Please note: As of January 20, 2021, information in some news releases may be out of date or not reflect current policies.
U.S. Department of Labor Undertakes Education and Enforcement Initiative To Improve Compliance in Green Bay-Area Restaurants
GREEN BAY, WI – In an effort to inform employers and employees about federal wage laws, the U.S. Department of Labor’s Wage and Hour Division (WHD) is engaged in an education and enforcement initiative at Green Bay-area restaurants. WHD is focused on providing compliance assistance information to employers and industry stakeholders through educational outreach events, as well as conducting investigations at individual restaurants.
The initiative includes outreach to a wide variety of organizations in the Green Bay area to identify multiple channels to place information into the hands of employers and to provide them the tools they need to comply with the law. WHD is engaged with employer organizations, community organizations, and other government agencies to ensure a wide distribution of information describing requirements under the Fair Labor Standards Act (FLSA).
“These initiatives raise awareness among employers, employees, community organizations and others regarding federal wage and hour laws,” said David King, Wage and Hour District Director in Minneapolis. “The ultimate goal is to increase industry-wide compliance. We want to make sure everyone knows the rules, and follows the rules.”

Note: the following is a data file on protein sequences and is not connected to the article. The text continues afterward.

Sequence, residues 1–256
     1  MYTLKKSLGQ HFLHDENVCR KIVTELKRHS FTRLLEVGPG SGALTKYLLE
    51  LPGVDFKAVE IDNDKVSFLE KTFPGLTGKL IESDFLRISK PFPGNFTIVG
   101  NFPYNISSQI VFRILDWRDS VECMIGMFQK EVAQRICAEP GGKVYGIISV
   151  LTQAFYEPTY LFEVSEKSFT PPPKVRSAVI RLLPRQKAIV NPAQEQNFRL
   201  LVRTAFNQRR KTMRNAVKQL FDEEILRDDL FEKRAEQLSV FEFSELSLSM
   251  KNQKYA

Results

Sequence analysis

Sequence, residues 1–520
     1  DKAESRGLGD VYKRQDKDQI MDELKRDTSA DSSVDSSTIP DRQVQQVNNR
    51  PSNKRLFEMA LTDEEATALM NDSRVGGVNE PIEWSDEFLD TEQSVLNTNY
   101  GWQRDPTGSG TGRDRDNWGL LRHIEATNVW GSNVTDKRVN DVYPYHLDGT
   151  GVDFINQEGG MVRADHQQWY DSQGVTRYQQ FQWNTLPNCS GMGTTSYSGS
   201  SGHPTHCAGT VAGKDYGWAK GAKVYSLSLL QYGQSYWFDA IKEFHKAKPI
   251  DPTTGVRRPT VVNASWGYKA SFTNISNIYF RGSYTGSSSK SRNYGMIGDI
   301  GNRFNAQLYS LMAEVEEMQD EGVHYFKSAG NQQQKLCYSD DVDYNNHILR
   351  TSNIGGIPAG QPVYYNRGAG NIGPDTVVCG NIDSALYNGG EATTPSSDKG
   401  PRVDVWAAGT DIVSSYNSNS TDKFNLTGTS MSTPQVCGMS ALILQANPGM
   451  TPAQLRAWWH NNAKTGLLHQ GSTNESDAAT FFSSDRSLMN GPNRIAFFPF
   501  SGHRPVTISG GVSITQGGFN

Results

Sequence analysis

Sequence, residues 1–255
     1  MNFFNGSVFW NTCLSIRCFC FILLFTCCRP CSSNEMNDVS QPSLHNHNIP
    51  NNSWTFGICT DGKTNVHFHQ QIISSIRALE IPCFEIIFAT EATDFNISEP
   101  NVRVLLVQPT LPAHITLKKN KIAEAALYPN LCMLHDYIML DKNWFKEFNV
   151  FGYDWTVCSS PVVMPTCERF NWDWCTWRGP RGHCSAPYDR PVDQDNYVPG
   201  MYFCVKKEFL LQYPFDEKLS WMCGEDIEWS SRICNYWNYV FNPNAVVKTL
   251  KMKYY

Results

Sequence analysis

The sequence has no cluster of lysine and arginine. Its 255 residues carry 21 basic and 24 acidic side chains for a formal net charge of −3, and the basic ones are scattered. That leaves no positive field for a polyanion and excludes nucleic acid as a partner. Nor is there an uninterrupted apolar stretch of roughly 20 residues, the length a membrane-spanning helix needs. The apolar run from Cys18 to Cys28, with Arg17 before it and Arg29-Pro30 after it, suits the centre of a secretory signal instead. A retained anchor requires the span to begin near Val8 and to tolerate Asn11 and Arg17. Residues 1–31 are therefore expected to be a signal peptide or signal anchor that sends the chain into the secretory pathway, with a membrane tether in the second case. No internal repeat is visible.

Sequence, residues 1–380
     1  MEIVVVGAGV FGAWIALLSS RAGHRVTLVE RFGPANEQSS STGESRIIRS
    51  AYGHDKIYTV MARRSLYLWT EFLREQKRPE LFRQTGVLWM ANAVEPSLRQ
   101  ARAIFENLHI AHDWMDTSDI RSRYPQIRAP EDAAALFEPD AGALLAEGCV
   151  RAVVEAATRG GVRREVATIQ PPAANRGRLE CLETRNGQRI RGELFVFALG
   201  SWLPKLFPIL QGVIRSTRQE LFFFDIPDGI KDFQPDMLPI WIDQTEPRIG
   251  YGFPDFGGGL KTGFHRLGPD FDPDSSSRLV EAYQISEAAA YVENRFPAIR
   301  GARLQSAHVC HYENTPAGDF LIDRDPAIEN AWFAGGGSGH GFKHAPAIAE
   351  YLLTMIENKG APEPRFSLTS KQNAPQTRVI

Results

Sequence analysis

The FLSA requires that covered, nonexempt employees be paid at least the federal minimum wage of $7.25 per hour for all hours worked, plus time and one-half their regular rates for hours worked beyond 40 per week. An employer of a tipped employee is required to pay no less than $2.13 an hour in direct wages, provided that amount plus the tips received equals at least the federal minimum wage of $7.25 per hour. If an employee’s tips, combined with the employer’s direct wages, do not equal the minimum wage, the employer must make up the difference. Employers also are required to provide employees notice of the FLSA tip credit provisions and to maintain accurate time and payroll records.
In the past five years, violations have resulted in more than $2 million in minimum wage and overtime back wages found for 2,571 restaurant workers in Wisconsin. Common violations include failure to pay employees for work they perform either before or after their scheduled shifts, and failure to pay overtime for working beyond 40 hours per week.
“The Wage and Hour Division is committed to ensuring employees receive all the wages they have rightfully earned,” said Ruben Rosalez, Acting Regional Administrator for the Wage and Hour Division in Chicago. “We are also determined to ensure that employers who fail to comply with the law do not gain an unfair competitive advantage over those who do. Employers can avoid wage violations by reaching out to us for assistance to ensure they are in compliance with the law.”
For more information about the FLSA and other federal labor laws, call the division’s toll-free helpline at 866-4US-WAGE (487-9243). Information also is available at http://www.dol.gov/whd.